It has nation wide applicability. Dave is instrumental in developing RUSLE databases. Recent increases in diesel price and decreases in glyphosate [N-(phosphonomethyl) glycine] price should favor the profitability and farmer acceptance of herbicide-intensive conservation tillage systems versus fuel-intensive traditional tillage (TT) ability results from a long-term field experiment that compared TT, minimum tillage (MT), and delayed minimum tillage (DMT) systems Cited by: The year study was conducted in southern Illinois (USA) on land similar to that being removed from Conservation Reserve Program (CRP) to evaluate the effects of conservation tillage systems on: (1) amount and rates of soil organic carbon (SOC) storage and retention, (2) the long-term corn and soybean yields, and (3) maintenance and restoration of soil productivity of previously eroded by: An Economic Analysis of the Potential for Carbon Credits to Improve Profitability of Conservation Tillage Systems Across Washington State Chapter 24 in Climate Friendly Farming: Improving the Carbon Footprint of Agriculture in the Pacific Northwest.
No-tilling slopes as steep as 60% that receive as little as 12 inches of annual moisture and summer-time temperatures that frequently run over degrees F., John Aeschliman has been successfully no-tilling in the Palouse area of eastern Washington for more than 40 years.
Saxton points out that this amount of soil loss and more has occurred through years of water erosion and tillage erosion on a substantial portion of the Palouse and other Northwest cropland areas. Furthermore, yield potentials have declined on these eroded soils, due in part to the lower soil water storage.
In general, the corn grain yields were similar across all three tillage treatments in moist years when yields were above 6, kg/ha (95 bu/ac). However, in and when yields were reduced by severe July and August droughts, conventional tillage substantially outperformed conservation tillage (Fig.
Although conservation tillage summer fallow can reduce wind erosion markedly, relatively few farmers in the low-precipitation (less than 12 inch/year) region of the Inland Pacific Northwest use it because of investment requirements for conservation tillage machinery and reluctance to change “tried and proven” traditional tillage methods.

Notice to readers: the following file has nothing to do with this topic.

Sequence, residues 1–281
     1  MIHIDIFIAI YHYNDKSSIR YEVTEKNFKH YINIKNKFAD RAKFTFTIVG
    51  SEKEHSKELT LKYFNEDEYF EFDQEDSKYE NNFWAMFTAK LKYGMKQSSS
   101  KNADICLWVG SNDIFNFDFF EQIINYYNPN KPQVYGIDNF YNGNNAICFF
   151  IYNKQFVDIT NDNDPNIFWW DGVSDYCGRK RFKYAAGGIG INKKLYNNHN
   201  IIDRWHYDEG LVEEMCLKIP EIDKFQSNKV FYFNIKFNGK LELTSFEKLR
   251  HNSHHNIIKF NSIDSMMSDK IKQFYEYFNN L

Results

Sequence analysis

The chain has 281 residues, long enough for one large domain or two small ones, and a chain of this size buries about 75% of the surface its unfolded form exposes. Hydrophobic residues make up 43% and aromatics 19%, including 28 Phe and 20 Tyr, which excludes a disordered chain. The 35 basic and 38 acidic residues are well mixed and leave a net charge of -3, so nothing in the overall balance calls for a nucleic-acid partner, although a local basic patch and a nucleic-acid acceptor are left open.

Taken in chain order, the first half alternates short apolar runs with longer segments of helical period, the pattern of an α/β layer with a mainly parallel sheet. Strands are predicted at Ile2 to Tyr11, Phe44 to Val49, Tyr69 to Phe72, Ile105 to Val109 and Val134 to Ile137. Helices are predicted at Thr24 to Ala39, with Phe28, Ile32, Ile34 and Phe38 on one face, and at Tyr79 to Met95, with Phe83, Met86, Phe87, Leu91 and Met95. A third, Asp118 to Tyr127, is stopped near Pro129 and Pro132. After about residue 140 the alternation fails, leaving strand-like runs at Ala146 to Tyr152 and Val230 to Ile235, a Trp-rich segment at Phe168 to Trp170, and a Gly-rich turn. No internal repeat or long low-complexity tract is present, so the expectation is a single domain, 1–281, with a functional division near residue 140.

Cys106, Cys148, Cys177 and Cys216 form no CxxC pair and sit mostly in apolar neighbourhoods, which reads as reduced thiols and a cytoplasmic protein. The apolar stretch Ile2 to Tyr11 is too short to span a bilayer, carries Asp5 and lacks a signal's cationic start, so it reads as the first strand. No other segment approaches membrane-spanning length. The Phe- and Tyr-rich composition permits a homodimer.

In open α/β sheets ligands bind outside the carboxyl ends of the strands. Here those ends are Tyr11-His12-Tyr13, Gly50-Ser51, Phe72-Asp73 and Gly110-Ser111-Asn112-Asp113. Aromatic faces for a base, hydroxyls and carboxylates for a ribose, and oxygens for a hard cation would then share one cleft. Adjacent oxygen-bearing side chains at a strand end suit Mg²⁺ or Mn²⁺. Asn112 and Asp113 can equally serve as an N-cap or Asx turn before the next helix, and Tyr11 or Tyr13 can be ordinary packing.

Conservation agriculture involves reduced tillage, permanent soil cover and crop rotations to enhance soil fertility and to supply food from a dwindling land resource. Recently, conservation agriculture has been promoted in Southern Africa, mainly for maize-based farming systems.
However, maize yields under rain-fed conditions are often variable. There is therefore a Cited by: Conservation agriculture, based on no-till, the permanent cover of soil surface by crops and their harvest residues and crop rotation, is an efficient system to protect the soil against erosion and to improve SOM (Lal, ).Conservation agriculture has already contributed to the sustainable intensification of agriculture in several developed and developing regions of the world by improving.Residue management, primarily through reduced tillage and no-till systems, is the first defense against both wind and water erosion, but yields often are higher with conventional intensive ti llage.
Factors that limit yields with conservation farming include weed and disease problems and th e lack of suitable tillage and seeding by: